Dear Miss Floribunda,
Now that the weather is cool and the leaves are falling, I feel pumped about cleaning up my yard before winter. I have been hearing different things, though, about whether it’s a good idea. A neighbor of mine says to leave the leaves and everything else alone, and wait till spring to rake and prune. What are your thoughts?
Ready to Rake on Riverdale Road
There are compelling reasons to allow your leaves to stay where they are, at least in your flower beds. I have learned from reliable ecologists that luna moths and other endangered beneficial insects breed in fallen leaves. However, be sure you keep the leaves moist so they don’t blow into the yards of your neighbors.
As for your lawn, you may want to trade your rake for a lawn mower. Although standard practice has been to rake up fallen leaves and dump them into your compost bin, the leaves certainly aren’t going to decompose until warm weather returns. However, after your lawn mower chews them into tiny pieces, leaves make excellent winter mulch. You can use a lawn sweeper or vacuum to gather up the fragments to spread over your vegetable patch. Then water well. Of course, this is done after you remove the dead tomato plants, etc., and add them to the compost bin (if they are diseased, put them in black trash bags for pick-up with your regular trash). Some people advise rototilling at this point, but others make a very good case for not disturbing the beneficial microbes in the soil or bringing up weed seeds. If you plant garlic right now, you will get an early crop next spring. Rose gardeners might consider this, because pungent early garlic could deter insects soon after the rose bushes wake from dormancy. If there are no soaking autumn rains, water your rose bushes and other shrubs well before the ground freezes.
This is a good time to divide overcrowded perennials and transplant them. After the first frost blackens their leaves, dig up canna, dahlias, gladiolas and caladiums, and store them in a cool, dry, dark place — a garage is a good place unless you actually have a root cellar. Geraniums should be dug up before frost and hung from garage rafters, or placed in a cardboard box where they will lie dormant. Wash your tools and empty flower pots in a bleach-and-hot water solution before you put them away for the winter. Also, this is the best time of year to have your soil tested. You can study the results during the idle winter months and make a plan for spring soil amendment.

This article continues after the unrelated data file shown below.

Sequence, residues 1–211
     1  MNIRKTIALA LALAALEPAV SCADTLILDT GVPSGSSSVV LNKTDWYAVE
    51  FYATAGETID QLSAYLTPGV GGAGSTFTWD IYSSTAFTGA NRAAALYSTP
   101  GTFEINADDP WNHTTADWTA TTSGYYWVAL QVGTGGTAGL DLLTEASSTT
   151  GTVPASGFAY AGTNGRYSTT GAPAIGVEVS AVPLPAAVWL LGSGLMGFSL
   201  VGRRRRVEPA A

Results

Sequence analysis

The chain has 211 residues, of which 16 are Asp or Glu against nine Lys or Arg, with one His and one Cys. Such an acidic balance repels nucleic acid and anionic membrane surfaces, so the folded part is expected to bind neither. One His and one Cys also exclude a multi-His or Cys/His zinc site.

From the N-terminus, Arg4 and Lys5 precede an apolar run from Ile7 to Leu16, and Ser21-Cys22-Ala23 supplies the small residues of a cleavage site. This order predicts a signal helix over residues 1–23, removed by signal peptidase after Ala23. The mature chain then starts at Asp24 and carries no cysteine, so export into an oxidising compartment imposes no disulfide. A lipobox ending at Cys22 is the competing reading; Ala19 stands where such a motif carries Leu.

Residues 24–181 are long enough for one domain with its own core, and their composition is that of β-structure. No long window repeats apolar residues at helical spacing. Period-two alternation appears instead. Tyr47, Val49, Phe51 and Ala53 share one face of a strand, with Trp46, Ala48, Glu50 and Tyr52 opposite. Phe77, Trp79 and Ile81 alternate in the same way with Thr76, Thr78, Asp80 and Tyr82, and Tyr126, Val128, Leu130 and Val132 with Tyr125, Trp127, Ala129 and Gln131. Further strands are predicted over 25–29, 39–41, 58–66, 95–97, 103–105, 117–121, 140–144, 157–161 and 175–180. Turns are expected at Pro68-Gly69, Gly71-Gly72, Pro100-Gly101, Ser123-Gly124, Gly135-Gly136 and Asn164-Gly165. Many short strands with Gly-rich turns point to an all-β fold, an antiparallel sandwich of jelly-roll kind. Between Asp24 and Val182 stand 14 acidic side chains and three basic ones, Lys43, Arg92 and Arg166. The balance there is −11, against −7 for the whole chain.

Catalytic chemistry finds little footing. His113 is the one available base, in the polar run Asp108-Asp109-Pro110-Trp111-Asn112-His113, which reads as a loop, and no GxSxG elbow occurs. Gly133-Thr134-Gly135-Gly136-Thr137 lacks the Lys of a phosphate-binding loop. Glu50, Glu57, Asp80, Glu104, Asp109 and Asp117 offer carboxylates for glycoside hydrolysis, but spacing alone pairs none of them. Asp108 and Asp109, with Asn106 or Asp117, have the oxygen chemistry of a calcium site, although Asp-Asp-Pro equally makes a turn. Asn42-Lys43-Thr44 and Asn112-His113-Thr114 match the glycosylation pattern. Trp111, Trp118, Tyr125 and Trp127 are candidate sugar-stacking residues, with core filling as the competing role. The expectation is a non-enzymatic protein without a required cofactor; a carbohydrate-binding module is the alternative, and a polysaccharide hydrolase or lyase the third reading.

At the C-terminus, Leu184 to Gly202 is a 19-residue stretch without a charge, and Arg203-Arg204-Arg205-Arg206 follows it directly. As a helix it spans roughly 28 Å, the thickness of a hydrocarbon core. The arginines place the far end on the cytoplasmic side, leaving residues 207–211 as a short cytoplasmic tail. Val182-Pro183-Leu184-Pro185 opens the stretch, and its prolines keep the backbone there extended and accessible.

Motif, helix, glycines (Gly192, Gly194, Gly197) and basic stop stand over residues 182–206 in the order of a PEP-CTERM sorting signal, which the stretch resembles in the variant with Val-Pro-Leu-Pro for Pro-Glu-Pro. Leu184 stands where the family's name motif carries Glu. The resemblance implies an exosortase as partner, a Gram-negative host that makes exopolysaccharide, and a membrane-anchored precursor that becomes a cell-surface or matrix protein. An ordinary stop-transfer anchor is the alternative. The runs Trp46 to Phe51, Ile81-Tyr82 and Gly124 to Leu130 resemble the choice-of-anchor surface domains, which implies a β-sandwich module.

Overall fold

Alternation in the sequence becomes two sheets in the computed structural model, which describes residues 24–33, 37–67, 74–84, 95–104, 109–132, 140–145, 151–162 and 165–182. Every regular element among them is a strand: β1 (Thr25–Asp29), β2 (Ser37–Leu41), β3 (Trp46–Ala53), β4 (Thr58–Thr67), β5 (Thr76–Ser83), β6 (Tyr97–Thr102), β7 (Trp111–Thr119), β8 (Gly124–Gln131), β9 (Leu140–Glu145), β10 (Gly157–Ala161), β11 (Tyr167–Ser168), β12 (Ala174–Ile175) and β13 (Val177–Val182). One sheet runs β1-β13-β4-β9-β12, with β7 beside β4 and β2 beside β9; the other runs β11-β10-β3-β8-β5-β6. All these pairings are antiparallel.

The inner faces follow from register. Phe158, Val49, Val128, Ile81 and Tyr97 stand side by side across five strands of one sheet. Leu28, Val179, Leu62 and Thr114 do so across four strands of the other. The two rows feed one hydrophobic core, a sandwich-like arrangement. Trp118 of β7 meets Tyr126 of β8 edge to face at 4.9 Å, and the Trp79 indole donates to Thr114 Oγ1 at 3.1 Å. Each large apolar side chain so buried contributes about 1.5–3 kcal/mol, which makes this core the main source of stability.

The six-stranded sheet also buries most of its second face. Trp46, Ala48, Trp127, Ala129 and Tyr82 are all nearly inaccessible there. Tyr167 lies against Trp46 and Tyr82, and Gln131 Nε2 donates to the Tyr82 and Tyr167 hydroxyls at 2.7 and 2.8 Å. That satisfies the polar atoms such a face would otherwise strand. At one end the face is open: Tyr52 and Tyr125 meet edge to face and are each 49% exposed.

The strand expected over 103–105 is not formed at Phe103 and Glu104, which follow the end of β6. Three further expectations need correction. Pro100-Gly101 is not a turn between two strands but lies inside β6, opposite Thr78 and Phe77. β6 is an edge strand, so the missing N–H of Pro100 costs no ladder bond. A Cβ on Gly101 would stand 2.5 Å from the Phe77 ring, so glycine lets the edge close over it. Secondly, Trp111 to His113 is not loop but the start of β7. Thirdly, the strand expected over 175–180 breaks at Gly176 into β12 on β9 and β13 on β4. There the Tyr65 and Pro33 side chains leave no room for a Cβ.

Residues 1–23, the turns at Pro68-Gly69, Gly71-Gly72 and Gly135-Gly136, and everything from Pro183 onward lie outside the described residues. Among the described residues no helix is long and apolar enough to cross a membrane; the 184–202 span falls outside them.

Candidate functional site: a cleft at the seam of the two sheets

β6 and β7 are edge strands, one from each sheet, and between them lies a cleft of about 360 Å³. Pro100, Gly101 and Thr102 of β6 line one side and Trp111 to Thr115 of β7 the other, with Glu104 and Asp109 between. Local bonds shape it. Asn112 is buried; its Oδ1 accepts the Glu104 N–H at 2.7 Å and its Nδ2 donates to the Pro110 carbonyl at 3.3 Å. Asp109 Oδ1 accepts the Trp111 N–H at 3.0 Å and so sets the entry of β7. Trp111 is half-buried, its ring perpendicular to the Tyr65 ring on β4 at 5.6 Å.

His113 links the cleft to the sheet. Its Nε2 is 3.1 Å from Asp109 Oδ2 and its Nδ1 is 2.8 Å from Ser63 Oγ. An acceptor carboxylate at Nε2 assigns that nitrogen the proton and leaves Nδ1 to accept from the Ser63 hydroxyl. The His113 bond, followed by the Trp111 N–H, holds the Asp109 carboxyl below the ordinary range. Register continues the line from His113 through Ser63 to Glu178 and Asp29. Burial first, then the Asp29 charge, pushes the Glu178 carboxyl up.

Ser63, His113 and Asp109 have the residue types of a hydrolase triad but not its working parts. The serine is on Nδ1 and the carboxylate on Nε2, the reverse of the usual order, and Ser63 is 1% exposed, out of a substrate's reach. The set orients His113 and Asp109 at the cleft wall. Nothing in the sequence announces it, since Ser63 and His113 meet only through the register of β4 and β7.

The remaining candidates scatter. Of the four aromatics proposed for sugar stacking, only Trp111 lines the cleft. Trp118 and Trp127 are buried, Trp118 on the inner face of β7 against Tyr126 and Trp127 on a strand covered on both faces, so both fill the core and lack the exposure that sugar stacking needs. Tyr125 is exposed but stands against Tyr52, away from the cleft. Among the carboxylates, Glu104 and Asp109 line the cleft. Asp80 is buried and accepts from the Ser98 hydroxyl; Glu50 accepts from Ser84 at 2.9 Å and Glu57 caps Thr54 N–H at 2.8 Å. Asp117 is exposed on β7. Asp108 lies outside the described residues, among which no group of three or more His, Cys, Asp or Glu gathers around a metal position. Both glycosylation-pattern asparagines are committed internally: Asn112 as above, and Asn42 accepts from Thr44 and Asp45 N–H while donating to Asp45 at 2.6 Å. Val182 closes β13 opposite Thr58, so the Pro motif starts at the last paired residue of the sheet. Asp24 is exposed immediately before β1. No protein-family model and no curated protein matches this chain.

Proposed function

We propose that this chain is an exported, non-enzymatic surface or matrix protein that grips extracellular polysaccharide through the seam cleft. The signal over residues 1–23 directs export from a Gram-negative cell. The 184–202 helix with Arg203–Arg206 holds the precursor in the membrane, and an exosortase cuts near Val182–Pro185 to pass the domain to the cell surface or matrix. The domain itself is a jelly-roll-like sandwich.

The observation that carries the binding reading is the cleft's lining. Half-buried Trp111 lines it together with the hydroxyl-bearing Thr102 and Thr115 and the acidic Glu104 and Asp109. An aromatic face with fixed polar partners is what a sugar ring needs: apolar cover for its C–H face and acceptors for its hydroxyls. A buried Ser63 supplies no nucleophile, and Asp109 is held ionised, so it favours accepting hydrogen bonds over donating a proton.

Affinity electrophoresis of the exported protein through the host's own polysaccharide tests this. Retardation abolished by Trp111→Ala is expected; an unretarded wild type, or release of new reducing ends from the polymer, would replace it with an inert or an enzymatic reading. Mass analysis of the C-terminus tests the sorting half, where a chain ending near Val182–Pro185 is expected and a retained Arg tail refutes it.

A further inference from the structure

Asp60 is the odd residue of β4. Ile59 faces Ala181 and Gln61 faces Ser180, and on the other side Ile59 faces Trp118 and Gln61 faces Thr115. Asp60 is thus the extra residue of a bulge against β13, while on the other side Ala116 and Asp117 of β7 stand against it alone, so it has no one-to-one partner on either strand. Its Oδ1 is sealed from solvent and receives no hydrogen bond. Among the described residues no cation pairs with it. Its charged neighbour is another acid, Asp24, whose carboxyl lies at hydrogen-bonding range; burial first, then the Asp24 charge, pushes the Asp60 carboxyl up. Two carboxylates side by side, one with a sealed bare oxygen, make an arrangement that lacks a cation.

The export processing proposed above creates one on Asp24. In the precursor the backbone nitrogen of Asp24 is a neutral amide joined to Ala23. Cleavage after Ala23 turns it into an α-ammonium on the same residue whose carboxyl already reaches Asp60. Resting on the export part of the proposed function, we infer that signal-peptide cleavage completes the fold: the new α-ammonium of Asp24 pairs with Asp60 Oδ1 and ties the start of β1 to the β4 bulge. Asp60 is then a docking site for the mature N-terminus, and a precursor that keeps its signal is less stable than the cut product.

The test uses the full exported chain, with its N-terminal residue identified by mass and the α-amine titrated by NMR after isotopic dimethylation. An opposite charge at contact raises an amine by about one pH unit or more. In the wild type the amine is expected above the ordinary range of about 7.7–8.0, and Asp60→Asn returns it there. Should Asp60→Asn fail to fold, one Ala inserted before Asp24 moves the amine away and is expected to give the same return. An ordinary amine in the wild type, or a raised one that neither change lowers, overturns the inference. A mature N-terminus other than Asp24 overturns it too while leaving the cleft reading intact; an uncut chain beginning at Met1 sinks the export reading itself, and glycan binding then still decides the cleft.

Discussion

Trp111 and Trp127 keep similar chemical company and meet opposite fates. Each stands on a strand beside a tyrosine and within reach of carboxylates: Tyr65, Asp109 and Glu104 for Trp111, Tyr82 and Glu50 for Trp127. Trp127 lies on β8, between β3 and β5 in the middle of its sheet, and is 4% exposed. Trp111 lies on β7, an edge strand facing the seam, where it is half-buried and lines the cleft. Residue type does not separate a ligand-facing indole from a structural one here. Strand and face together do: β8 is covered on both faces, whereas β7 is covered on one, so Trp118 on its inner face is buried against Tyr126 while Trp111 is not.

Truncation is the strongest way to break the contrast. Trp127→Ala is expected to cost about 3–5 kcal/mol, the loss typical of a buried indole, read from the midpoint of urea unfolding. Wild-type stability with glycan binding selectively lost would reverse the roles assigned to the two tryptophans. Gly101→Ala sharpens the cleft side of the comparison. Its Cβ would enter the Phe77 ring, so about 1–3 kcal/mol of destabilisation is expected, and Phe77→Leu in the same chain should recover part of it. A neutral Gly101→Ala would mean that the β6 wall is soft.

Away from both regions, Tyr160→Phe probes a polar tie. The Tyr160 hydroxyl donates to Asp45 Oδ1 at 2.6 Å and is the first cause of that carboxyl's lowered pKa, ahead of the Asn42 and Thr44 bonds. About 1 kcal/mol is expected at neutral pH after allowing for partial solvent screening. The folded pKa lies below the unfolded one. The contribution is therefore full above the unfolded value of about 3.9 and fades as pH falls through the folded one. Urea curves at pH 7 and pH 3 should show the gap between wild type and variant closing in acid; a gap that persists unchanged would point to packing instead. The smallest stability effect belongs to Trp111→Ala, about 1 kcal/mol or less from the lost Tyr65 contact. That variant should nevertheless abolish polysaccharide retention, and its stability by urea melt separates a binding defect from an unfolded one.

Dr. Honeywell grows bee balm, joe-pye weed, black berries, beauty berries and tall ornamental grasses, and does not cut them back after frost. The eggs of many beneficial insects have already been laid in these favorite havens, and cutting back these plants destroys eggs that would hatch in the spring. The hollow stems provide safe harbor for the larvae of native bees. Few people realize that these humble little workers, who have only single-season queens and provide no golden honey, are our indispensable benefactors. They are the bees that pollinate our crops. Other ecologically knowledgeable gardeners, such as Yarrow and Farfalla Belgiardino, cut back the tallest stalks to half their height, saving the seed heads. They do not prune pithy shrubs (e.g., elderberry, sumac, hydrangea), so that praying mantids can leave their egg cases and hibernating butterflies and other beneficials can overwinter there. My own opinion is that leaving a few seed pods on unpruned shrubs not only provides winter shelter for beneficials, but gives some visual interest to an otherwise barren and monotonous landscape. Bird lovers know that berry-bearing shrubs should not be pruned so birds can nest and feed there — and that, along with the bright color of the berries themselves, the flutter of happy birds does much to charm away the winter blahs. There is no reason why the winter garden has to look like Ground Zero.
For more ideas, please come to the next meeting of the Hyattsville Horticultural Society on Saturday, Nov. 18, at the home of Heather Olsen, 4915 42nd Avenue. After a brief meeting at 10 a.m., the group will gather for a “Christmas Greens” demonstration by Mary Stevenson and will create evergreen wreaths, swags and arrangements. Please bring clippers, wire, ribbon, ornaments and additional greenery with you. Do not worry about clipping your greens at this time of year — they will be fine.